Royal Leamington Spa, commonly known as Leamington Spa or Leamington or Leam colloquially, is a spa town in central Warwickshire, England. Formerly known as Leamington Priors, its expansion began following the popularisation of the medicinal qualities of its water by Dr Kerr in 1784, and by Dr Lambe around 1797. During the 19th century, the town experienced one of the most rapid expansions in England. It is named after the River Leam which flows through the town.
The town comprises six electoral wards; Brunswick, Milverton, Manor, Crown, Clarendon and Willes. The total population for those wards in 2011 was 49,491.
Formerly known as Leamington Priors, Leamington began to develop as a town at the start of the 19th century. It was first mentioned in the Domesday Book of 1086 as Lamintone. For 400 years, the settlement was under the control of Kenilworth Priory, from which the older suffix derived. Its name came from Anglo-Saxon Leman-tūn or Lemen-tūn = "farm on the River Leam". The spa waters had been known in Roman times and their rediscovery in 1784 by William Abbotts and Benjamin Satchwell, led to their commercialisation.
Early development of the old town centre was on the southern bank of the River Leam. Later builders began concentrating the town's expansion on the land north of the river, resulting in the Georgian centre of New Town with the Leam flowing between the two. In 1767 Parliament passed an Act, proposed by Edward Willes, a local landowner, for dividing and enclosing the open and common land on the south and west of the River Leam. Following a survey of the area by John Tomlinson in 1768, the land was estimated to be and was subsequently divided, and new public roads were laid out. After the division on the south of the river most of the land east of the village was owned by the Willes family and to the west by Matthew Wise. To the north of the river most of the land was owned by the Willes family, the Earl of Warwick, and Bertie Greatheed. The main landholders of the village and adjacent land were the Earl of Aylesford, and a number of smaller landowners. In the following decades some of the land was sold. By 1901, the population of Leamington had grown from a few hundred to nearly 27,000.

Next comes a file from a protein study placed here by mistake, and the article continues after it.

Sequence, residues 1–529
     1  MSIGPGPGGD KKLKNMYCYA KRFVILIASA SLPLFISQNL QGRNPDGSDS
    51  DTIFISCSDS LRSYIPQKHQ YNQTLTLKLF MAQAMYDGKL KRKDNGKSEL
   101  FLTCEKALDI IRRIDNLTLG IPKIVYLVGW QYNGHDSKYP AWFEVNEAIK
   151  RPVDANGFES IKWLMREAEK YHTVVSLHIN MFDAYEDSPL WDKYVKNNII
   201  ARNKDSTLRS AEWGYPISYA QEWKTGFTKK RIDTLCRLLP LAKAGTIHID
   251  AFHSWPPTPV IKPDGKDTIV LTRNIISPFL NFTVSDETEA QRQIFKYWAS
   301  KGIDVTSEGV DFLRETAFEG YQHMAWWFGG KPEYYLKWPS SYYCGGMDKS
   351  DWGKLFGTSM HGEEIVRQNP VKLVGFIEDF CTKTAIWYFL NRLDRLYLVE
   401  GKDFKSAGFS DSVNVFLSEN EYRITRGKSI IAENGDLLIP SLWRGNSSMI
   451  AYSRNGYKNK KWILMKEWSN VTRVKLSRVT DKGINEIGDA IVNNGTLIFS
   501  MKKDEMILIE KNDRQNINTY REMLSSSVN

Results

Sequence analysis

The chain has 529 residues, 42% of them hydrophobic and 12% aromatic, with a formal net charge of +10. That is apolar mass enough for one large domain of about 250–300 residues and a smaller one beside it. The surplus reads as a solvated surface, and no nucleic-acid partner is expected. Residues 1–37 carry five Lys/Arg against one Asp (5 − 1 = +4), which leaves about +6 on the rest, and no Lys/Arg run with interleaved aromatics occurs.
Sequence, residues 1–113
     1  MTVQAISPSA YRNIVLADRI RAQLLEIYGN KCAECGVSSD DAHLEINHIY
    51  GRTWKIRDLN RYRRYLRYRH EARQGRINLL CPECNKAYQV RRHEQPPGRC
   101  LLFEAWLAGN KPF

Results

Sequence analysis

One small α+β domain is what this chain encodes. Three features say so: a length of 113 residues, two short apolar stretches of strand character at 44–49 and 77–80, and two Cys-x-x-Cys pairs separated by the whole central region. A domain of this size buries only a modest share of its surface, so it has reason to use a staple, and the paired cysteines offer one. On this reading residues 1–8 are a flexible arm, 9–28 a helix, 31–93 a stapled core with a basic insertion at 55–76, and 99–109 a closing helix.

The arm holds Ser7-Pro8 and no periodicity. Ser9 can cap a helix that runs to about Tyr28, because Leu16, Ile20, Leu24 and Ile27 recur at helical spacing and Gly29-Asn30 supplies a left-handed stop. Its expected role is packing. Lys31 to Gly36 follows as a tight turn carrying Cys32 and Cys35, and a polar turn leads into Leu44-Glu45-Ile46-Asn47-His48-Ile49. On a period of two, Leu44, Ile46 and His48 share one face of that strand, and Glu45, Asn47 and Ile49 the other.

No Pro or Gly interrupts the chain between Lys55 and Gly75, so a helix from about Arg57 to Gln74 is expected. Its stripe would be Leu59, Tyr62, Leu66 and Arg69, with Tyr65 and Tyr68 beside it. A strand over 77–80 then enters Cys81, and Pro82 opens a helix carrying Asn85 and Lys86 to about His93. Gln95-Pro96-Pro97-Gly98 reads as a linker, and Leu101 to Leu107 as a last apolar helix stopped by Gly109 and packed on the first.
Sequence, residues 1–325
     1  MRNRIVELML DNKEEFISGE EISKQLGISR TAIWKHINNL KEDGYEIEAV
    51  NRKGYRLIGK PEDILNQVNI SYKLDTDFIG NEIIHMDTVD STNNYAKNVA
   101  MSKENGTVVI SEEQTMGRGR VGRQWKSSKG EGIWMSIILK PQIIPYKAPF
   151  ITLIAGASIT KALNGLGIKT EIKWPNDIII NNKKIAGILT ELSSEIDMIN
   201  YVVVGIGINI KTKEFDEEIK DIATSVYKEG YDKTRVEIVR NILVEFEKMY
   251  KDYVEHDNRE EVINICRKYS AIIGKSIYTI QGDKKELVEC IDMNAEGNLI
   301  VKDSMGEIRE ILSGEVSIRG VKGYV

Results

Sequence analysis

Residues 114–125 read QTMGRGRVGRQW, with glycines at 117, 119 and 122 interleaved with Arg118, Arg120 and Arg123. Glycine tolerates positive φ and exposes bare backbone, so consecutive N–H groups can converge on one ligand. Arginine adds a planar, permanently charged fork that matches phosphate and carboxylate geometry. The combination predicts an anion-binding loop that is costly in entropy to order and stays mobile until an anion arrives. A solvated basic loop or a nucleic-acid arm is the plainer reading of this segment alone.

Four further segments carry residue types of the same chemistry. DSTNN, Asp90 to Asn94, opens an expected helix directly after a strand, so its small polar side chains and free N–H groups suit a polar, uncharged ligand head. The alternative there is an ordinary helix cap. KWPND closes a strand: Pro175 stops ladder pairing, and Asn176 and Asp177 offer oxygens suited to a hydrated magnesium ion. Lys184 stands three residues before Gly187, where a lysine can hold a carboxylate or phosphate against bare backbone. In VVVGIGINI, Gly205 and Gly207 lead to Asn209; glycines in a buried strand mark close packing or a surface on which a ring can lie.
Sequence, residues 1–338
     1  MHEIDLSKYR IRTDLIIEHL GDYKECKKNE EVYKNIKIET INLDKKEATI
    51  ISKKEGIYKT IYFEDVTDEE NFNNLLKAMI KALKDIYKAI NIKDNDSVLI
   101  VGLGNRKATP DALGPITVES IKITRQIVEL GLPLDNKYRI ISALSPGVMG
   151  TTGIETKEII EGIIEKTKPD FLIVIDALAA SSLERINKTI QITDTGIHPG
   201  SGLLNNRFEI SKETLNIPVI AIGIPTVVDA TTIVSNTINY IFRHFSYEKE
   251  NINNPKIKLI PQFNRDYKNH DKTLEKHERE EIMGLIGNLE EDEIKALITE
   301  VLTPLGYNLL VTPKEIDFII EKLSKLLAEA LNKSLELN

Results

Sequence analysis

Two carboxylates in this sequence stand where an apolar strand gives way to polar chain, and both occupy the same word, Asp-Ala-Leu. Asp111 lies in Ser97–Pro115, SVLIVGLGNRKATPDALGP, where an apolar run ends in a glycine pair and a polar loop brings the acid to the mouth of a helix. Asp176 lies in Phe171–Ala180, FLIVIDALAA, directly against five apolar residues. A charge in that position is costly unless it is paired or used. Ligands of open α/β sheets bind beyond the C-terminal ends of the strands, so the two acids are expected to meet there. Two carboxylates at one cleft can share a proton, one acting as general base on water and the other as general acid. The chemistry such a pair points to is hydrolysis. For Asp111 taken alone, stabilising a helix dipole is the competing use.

With the spread of the town's popularity, and the granting with a 'Royal' prefix in 1838 by Queen Victoria, 'Leamington Priors' was renamed 'Royal Leamington Spa'. Queen Victoria had visited the town as a Princess in 1830 and as Queen in 1858. A statue of Queen Victoria was almost destroyed by a German bomb during World War II, and was moved one inch on its plinth by the blast. The statue was not returned to its original position, and the incident is recorded on a plaque on its plinth.
The function of the Royal Pump Rooms changed several times over the following years. While retaining its assembly rooms and medical facilities, around 1863 it was extended to include a Turkish bath and swimming pool, in 1875 the Royal Pump Room Gardens were opened to the public, and in 1890 a further swimming pool was added. The economy of Leamington decreased towards the end of the 19th century following the decline in popularity of spa towns, and it became a popular place of residence for retired people and for members of the middle-class who relocated from Coventry and Birmingham, and wealthy residents led to the development of Leamington as a popular place for shopping. In 1997, the owners of the building, the district council, closed the facility for redevelopment, reopening it in 1999 as a culture centre. It now contains Leamington Spa Art Gallery & Museum, a library, a tourist information centre, refurbished assembly rooms and a cafe. Spa water can still be sampled outside the building.
Leamington is closely associated with the founding of lawn tennis. The first tennis club in the world was formed in 1872 by Major Henry Gem and Augurio Pereira who had started playing tennis in the garden of Pereira. It was located just behind the former Manor House Hotel and the modern rules of lawn tennis were drawn up in 1874 in Leamington Tennis Club.